Rheumatoid Arthritis (RA) is a form of autoimmune arthritis in which the body’s immune cells attack it, causing inflammation. RA, or rheumatoid arthritis, is a chronic inflammatory condition that mostly affects the body’s small joints. According to a report published in 2019, RA is the third most common chronic health disorder, causing chronic morbidity, extreme pain, and psychosocial stress. It is characterized by chronic inflammation of the hands, wrists, knees, and feet joints. It also resulted in joint swelling, discomfort, decreased mobility, and morning stiffness. It may also cause fatigue, weight loss, fever, and generalized weakness in some people. It may cause permanent tissue, bone, and cartilage damage over time, resulting in joint deformity and muscle atrophy. With every illness comes a slew of theories and misunderstandings, hastening the recovery process and lowering quality of life.
So, in this article, Dr. Sandeep Singh who is one of the best orthopedic doctor practicing in Bhubaneswar will be busting myths and reveal the truth about RA to help people live an active life.
The following are some of the most common RA myths:
Fact: Most people incorrectly believe that rheumatoid arthritis, like greying hair, is a natural part of the aging process. According to arthritis & pain management doctors it is not valid as RA can affect people of any age. It typically strikes young people between the ages of 40 and 60. It can also be seen in children and adolescents in some situations.
Fact: Rheumatoid arthritis (RA) is distinct from other forms of arthritis, such as osteoarthritis (OA). RA is an autoimmune disorder, while OA is the result of normal wear and tear as people get older. An autoimmune disease occurs when the body’s immune system creates antibodies that target its own tissues, causing inflammation and harm.
Fact: Gentle stretching and exercise should be done on a regular basis to alleviate stress and discomfort in the joints, as well as to help with pain and swelling. Rest is recommended, but not total inactivity. This is because immobility will make your muscles weak, which means they won’t be able to keep your joints stable, causing your condition to worsen.
Myth: Leading a healthy lifestyle will help people avoid getting RA. Fact: Since rheumatoid arthritis is an autoimmune disease with no identifiable trigger, there is nothing that a person can do to prevent it. Certain causes, however, can increase the risk, and smoking is the only one that can induce an immune response against the body while also interfering with the efficacy of RA medication. However, maintaining a balanced diet and exercising regularly will help to keep the joints in good shape.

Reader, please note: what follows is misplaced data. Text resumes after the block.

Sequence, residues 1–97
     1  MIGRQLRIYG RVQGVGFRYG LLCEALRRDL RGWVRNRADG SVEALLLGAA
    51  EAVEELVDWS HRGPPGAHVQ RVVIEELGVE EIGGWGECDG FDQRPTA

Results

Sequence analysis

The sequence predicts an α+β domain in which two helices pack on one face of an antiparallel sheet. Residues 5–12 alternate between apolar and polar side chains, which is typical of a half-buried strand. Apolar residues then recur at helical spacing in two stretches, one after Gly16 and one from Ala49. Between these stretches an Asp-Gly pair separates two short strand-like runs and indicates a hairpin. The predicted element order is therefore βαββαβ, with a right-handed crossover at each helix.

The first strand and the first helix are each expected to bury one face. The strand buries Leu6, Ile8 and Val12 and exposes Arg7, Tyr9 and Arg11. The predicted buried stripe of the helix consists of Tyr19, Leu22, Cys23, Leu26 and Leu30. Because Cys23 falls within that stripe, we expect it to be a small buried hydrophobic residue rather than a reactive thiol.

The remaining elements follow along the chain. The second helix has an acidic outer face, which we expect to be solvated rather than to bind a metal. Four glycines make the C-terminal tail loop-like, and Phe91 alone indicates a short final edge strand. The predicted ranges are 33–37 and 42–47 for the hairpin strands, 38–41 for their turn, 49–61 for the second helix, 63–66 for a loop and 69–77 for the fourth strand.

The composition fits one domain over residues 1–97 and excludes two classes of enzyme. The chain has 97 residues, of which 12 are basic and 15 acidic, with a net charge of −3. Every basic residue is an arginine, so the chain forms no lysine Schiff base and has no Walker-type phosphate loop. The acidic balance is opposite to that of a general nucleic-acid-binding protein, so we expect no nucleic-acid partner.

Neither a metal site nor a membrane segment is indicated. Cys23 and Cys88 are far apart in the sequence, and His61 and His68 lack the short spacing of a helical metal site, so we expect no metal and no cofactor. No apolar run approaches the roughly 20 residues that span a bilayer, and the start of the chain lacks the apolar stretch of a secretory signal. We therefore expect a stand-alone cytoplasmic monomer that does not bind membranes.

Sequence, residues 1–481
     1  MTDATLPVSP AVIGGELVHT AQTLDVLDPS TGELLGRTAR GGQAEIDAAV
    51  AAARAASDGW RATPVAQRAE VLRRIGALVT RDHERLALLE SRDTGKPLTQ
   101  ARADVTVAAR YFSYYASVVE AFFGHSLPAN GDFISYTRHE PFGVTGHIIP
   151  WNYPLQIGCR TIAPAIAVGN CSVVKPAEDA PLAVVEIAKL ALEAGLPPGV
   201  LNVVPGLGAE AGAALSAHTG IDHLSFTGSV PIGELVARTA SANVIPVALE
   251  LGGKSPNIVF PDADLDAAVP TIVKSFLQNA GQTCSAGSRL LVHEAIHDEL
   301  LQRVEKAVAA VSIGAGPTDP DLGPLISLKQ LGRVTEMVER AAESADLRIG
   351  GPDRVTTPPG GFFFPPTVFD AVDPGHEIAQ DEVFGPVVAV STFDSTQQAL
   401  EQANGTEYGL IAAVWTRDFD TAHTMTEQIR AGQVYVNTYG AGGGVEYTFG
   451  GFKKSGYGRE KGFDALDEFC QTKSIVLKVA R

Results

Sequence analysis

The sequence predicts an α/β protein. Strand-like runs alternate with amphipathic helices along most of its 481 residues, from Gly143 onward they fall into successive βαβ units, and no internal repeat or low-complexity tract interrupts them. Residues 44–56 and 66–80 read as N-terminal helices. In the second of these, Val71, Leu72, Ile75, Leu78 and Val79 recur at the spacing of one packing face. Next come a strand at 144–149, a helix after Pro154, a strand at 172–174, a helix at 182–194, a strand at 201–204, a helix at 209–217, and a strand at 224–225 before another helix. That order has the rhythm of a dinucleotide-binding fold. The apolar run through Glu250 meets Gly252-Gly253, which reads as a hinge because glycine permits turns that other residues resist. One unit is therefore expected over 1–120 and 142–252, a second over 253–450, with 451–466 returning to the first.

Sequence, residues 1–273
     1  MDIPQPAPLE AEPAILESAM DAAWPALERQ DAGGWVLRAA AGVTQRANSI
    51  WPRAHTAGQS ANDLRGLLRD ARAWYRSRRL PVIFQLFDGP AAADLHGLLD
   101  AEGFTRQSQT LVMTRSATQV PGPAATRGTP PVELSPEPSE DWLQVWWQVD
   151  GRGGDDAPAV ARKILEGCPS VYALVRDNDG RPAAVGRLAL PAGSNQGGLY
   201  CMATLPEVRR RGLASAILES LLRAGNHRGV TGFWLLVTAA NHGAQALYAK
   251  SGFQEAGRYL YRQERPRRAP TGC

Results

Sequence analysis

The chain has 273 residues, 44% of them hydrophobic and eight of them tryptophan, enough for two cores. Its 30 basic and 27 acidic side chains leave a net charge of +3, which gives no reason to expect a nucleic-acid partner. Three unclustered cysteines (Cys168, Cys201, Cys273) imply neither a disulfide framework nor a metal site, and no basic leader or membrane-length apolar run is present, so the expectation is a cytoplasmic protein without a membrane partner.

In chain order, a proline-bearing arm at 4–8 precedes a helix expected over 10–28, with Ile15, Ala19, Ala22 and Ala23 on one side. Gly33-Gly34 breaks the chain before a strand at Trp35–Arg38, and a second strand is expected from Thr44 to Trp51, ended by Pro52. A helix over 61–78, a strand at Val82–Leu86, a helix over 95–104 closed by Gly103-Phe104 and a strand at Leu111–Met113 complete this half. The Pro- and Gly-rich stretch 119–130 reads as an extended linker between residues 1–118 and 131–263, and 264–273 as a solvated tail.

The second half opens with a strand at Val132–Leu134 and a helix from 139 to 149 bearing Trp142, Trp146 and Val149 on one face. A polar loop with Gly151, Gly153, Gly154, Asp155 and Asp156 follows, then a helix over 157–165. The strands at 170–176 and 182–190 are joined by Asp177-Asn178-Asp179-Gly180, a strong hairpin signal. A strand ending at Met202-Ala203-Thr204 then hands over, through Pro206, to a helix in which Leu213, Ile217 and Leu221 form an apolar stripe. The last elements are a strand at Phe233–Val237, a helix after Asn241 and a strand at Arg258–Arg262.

Fact: Rheumatoid arthritis (RA) begins with joint inflammation, which causes discomfort and damage to joints and other structures (bones and cartilage). However, since RA is a systemic disease, it can affect many other organs besides the joints, including the heart, lungs, liver, and kidneys. It may actually cause systemic symptoms including fatigue, exhaustion, and fever.
Fact: There is no one-size-fits-all solution to RA flare-ups. An RA flare can last for days, weeks, or months, depending on the individual. In fact, unlike other autoimmune diseases such as lupus, many people do not experience a flaring and remitting disease pattern.
Fact: There is no proof that brightly colored vegetables exacerbate RA symptoms or put you at risk of contracting the disease. Antioxidants, which are present in dark-colored vegetables and fruits, can actually help the body resist free radicals and boost overall health. Depriving them from your diet will do more damage than good because they are rich in nutrients.
Fact: Calcium is abundant in milk and milk products, making it one of the most important minerals for proper bone growth and bone health. As a result, eliminating milk, cheese, and curd from your diet raises your risk of calcium deficiency as well as bone problems.
Fact: Excluding citrus fruits from your diet will not boost your RA symptoms because they are high in Vitamin C, which aids in the formation of new cartilage in your joints. As a result, people with RA can eat citrus fruits to keep their bones and joints healthy.
Fact: Not all omega acids are helpful. Joint stiffness and tenderness are only combated by omega 3 fatty acids, which can be found in fish oil or in fish such as salmon and tuna. Omega-6 fatty acids, which are also present in processed foods, function in the opposite direction to Omega 3 fatty acids.